Jewish Advocacy Org Changes Name to Promote Veganism

Logo, very light dotsIn a sign of advancing attitudes towards animal-free eating, the renowned organization Jewish Vegetarians of America has officially changed its name to Jewish Veg. The rebranding is due largely to the fact that the group’s mission is to encourage people to reduce their consumption of animals products — including eggs and dairy.

Veganism is the end goal, so the word vegetarian could be misleading, the org said. The group is all about helping people adopt plant-based diets in order to express the Jewish values of “compassion for animals, concern for health, and care for the environment.”

“We’re dropping the word ‘vegetarians’ from our name in large part because we’re now encouraging and helping people to go vegan,” Jeffrey Cohan, executive director of Jewish Veg, tells Latest Vegan News. He adds that the new name connotes inclusiveness for people at different stages of their plant-based journey.

The JVNA name originated at the organization’s inception in 1975, and the change was announced at its 40th anniversary party in New York this past Tuesday.  Cohan stripped off his shirt and tie to reveal a t-shirt bearing the new name.

“The response we’ve received from our members — at Tuesday’s event, on social media, and in replies to our e-blast — has been extraordinarily positive and enthusiastic,” he adds.

The name isn’t the only change the organization has undergone. Previously an all-volunteer group, the last two years has seen the hiring of some professional staff, as well as the creation of a strong Board of Directors and Rabbinic and Advisory councils.

Jewish Veg has also expanded its overall efforts, including creating a “Veg Pledge” campaign to help people adopt plant-based diets, forging partnerships with major Jewish orgs, and making numerous presentations in Jewish venues across the U.S.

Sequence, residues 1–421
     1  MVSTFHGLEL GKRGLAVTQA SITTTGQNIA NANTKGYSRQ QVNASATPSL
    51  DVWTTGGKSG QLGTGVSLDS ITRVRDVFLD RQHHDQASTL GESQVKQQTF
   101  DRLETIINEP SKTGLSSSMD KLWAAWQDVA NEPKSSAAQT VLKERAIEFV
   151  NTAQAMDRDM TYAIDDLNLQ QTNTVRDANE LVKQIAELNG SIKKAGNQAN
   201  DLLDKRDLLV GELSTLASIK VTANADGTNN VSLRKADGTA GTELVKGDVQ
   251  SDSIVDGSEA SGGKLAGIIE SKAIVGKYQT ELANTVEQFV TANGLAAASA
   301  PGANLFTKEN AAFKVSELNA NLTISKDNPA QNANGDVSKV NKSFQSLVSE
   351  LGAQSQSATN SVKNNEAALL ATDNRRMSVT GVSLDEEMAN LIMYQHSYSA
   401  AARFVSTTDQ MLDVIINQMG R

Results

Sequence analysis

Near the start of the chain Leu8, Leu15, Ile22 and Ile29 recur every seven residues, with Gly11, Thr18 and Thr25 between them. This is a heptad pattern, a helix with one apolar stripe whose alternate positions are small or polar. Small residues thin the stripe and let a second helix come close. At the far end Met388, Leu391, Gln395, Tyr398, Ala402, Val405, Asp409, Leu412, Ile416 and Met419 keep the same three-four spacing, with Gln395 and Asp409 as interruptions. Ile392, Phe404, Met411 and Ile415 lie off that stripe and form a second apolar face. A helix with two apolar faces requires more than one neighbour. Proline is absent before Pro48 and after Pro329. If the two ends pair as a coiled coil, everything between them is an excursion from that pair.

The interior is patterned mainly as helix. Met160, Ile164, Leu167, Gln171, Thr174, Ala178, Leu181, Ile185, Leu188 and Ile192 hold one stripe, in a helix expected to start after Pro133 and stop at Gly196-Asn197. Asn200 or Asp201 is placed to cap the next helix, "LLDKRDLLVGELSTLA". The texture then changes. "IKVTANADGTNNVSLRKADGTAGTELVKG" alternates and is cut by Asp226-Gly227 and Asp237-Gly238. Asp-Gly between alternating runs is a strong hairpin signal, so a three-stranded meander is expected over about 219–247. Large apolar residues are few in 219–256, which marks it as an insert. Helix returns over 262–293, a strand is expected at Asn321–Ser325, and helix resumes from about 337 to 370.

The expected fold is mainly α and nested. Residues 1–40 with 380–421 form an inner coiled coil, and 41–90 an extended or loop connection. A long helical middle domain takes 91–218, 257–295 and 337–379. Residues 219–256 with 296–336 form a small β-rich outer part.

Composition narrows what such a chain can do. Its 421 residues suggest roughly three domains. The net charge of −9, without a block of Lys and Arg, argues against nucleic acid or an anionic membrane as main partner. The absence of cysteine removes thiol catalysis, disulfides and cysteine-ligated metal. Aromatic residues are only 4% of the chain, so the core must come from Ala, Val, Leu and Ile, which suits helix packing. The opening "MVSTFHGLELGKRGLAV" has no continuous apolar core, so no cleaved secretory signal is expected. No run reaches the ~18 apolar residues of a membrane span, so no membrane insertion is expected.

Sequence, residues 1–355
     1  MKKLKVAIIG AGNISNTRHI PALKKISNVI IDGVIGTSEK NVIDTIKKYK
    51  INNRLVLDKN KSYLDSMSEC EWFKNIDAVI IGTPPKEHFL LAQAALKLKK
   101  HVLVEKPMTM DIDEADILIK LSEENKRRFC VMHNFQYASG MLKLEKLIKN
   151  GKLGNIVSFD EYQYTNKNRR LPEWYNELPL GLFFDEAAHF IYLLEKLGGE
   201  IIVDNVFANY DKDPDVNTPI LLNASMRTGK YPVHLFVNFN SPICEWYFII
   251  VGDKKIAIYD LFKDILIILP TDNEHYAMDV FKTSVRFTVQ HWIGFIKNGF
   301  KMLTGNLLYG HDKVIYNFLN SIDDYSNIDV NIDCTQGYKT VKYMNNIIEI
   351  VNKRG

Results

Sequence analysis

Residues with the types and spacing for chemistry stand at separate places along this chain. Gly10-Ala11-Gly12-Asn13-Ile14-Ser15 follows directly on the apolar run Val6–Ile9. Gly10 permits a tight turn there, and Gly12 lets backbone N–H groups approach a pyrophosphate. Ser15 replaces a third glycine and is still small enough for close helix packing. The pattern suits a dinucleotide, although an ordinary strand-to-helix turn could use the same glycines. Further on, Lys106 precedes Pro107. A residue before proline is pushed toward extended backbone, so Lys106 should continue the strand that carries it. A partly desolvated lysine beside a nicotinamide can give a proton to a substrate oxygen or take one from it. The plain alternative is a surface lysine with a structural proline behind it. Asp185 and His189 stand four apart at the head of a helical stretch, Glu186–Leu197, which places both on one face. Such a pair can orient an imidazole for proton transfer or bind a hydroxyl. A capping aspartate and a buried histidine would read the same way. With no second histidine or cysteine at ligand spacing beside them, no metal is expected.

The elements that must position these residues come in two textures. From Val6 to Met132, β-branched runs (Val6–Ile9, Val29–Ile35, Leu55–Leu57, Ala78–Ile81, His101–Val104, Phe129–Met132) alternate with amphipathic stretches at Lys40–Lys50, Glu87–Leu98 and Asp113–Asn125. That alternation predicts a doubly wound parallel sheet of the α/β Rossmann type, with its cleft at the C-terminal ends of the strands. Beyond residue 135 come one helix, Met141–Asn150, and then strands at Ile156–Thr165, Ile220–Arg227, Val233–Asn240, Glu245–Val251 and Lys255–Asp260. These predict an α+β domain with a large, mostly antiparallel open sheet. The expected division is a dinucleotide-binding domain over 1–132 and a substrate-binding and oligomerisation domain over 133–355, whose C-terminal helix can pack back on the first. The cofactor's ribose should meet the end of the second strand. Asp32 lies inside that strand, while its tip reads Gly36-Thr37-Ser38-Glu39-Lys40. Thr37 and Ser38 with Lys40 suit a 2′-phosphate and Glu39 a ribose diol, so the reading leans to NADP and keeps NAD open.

Tuesday’s event also included another announcement: Jewish Veg is partnering with Hillel International to send Israeli vegan leader Ori Shavit to 10 college campuses across the country to speak to Jewish students in October and November of this year.

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Hannah Sentenac, Editor-in-Chief

Hannah Sentenac, Editor-in-Chief

A wizard of words, lover of all living things and vegan mac 'n cheese master, Hannah is the Editor-In-Chief and Founder of Her writing has appeared in Live Happy magazine, the Miami New Times,,, and numerous other publications and websites. She's obsessed with Cocowhip, Just Mayo and Dandies marshmallows, and is totally addicted to the outdoors. You can reach Hannah directly at

2 Responses

  1. Kol hakavod (kudos) and everyone else involved in he name change and all the other positive things happening re Jewish Veg. May the group have continued success in increasing awareness that vegan diets are most consistent with Jewish teachings on preserving human health, treating animals with compassion, protecting the environment, conserving natural resources, and helping hungry people.


  2. Madeline says:

    I recently saw a video from Isreal where they were removing the baby from the cow and than slit the mothers throat. I was more than disgusted. Several rabbi were there while this was taking place. Yom Kippur how many chickens are going to die for everyone sins.

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